The Future is the second feature film directed by Miranda July, best known for Me and You and Everybody We Know (2005). While the latter was a popular and well received indie film, The Future is even more offbeat and challenging to mainstream viewers. Nevertheless, it’s well worth watching if you can appreciate movies that are non-linear and that cross boundaries when it comes to genre.
The Future is kind of hybrid drama, comedy and fantasy. You know it’s going to be something offbeat when it starts off being narrated by a cat. This cat, who is ill and may not live much longer, is scheduled to be adopted by Jason and Sophie, a couple in their thirties who are somewhere in between hipsters and slackers.
There’s not too much of a plot here. Fans of Jim Jarmusch’s Stranger Than Paradise (1984) may appreciate the scenes of apparently pointless dialog and inaction -though the style of this film is quite different overall. I actually admire movies like this one and Stranger Than Paradise, though, where the characters are allowed to exist in a state of existentialist aimlessness.
Both Jason and Sophie quit their jobs. Sophie drifts into an affair with an older man for no apparent reason. Jason meanwhile, begins volunteering for an environmentalist group that makes him go door to door selling trees. There’s a kind of randomness to it all. At the same time, like Me and You and Everyone We Know, there’s an underlying theme of how important and yet tenuous connections between people are in today’s world.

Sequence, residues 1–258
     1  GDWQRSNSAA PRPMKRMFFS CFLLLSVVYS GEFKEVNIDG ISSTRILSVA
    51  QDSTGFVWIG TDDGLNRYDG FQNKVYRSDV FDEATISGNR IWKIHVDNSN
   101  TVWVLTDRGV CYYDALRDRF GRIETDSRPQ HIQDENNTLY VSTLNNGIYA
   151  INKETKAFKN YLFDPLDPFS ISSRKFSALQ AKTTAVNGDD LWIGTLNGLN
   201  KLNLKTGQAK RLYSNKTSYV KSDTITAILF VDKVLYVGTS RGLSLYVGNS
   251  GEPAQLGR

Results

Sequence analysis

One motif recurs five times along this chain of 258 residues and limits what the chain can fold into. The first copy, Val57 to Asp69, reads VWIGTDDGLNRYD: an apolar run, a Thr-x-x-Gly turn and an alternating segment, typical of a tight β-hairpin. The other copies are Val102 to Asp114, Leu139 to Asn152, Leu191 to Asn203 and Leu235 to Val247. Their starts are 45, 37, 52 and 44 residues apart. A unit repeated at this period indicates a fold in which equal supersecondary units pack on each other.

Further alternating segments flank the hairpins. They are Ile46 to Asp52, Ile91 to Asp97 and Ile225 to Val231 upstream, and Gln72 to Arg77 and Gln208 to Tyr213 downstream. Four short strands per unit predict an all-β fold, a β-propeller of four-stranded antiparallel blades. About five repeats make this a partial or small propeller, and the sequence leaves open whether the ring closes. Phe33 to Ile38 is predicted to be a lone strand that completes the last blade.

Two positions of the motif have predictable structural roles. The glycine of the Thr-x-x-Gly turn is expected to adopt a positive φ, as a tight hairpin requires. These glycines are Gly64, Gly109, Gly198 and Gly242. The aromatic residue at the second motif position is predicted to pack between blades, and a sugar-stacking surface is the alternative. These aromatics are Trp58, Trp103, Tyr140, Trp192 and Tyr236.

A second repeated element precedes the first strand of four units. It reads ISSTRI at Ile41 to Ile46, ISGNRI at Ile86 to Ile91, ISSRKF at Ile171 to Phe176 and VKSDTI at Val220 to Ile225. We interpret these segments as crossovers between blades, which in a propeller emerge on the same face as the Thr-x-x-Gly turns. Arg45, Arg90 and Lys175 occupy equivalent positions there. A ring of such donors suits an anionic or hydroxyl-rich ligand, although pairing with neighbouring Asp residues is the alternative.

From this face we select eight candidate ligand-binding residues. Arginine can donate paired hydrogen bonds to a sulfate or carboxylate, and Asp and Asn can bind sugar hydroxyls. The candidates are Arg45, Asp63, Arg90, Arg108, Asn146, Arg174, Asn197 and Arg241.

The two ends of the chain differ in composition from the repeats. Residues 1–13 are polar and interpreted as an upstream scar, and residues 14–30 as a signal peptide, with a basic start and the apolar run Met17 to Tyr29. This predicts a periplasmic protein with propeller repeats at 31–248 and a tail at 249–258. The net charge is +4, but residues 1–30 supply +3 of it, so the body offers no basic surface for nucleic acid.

To make things more complicated and bizarre, Jason apparently has the ability to stop time. This is where the fantasy or paranormal enters into the mix, and where some viewers might lose patience. For there’s no real attempt to weave this into the story in a logical manner.
If you watch this film on Netflix, as I did, I suggest you don’t even bother to read the customer reviews. Netflix viewers are notoriously mainstream and conservative, and have little patience for oddball indie movies. They will mercilessly savage any script that dares thumb its nose at cinematic conventions (not all the reviewers, to be fair, but a sizable percentage).
Overall, The Future succeeds at doing something that the better quirky offbeat films manage to do -get you to take a step back from ordinary life and society and realize that the normal and everyday aren’t necessarily all there is and that there may be other, more interesting alternatives.